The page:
Investor: Yields are tight, fees are high and performance is scarce. What’s an investor to do?
Advisor: With so many uncontrollable variables impacting on your returns, one of the things you do have control over is fees. So, look for funds with dirt-cheap fees. Enter the index fund…
Investor: But passive is boring and most active managers can outperform the market in SA.
Advisor: Not anymore. The funds have become smarter. In fact, choosing which index to track is now your first active decision!
Although index funds have been around for more than three decades it’s only relatively recently that industry has evolved and begun to offer investors funds that track "smart" indices. These funds effectively commandeer some of the space previously occupied solely by active fund managers, for a much lower fee.
Whereas before index funds blindly tracked the headline indices, a host of newly constructed indices have been created to capture a portion of what was previously considered "alpha" — returns not associated with the underlying market — in addition to "beta", or market-related performance. This isolates certain market factors and packages these in an index fund, thereby offering investors exposure to those aspects of the market that were traditionally only extracted by actively managed funds.
But the wide array of choice now on offer can be an intimidating barrier to entry for investors who don’t know where to start.
So, what are the key things to know about these funds?
Not all indices are created equal
These "smart" index funds are based on indices that have varying characteristics and, thus, potential risk/return profiles. Each index is constructed based on different weighting schemes which ultimately determines their style and sector exposures and hence performance. So, before investing, you need to know what these are as they will determine how your investment fares in different market conditions.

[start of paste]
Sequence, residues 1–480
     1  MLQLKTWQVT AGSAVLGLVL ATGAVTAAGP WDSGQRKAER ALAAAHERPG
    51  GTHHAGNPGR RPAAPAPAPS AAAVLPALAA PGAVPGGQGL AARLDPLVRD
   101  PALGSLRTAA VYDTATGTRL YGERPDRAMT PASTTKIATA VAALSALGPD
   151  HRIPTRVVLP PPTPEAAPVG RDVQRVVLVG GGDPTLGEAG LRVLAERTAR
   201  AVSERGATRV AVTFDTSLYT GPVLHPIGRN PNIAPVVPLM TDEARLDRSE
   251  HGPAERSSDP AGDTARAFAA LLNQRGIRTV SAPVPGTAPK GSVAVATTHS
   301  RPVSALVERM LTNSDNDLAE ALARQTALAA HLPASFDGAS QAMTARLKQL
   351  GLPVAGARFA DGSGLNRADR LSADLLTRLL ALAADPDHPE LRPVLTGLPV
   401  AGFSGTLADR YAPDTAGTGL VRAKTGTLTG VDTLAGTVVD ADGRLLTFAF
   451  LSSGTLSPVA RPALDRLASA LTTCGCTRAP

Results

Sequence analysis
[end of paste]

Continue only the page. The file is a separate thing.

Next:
For instance, the Equally-weighted Top 40 Index (ETOP 40) differs markedly in make up from the JSE ALSI or Top 40 Indices. The former equally weights the top 40 shares (i.e. holds 2.5 percent in each share) whereas the latter two are based on the market-cap weightings of the shares that make up these indices. When it comes to the construction of the ETOP 40, the easiest way to understand it is to think about how you would buy shares in your personal capacity. You decide which shares you like and buy equal numbers of them without specifically referencing the market cap of the share in your decision.
So, whereas the ALSI will have significant exposure to the big blue chips – often multinational companies that operate in SA and abroad – ETOP 40 up weights the smaller companies in the Top 40 and thus has a more balanced exposure across the top 40 shares than the All Share or Top 40 indices.
Then you have the JSE RAFI 40 Index which is essentially a style index mimicking a value style. It represents 40 shares listed on the JSE based on four equally-weighted factors: sales, cash flow, book value and dividend.
Article continues on page two: spreading your bets...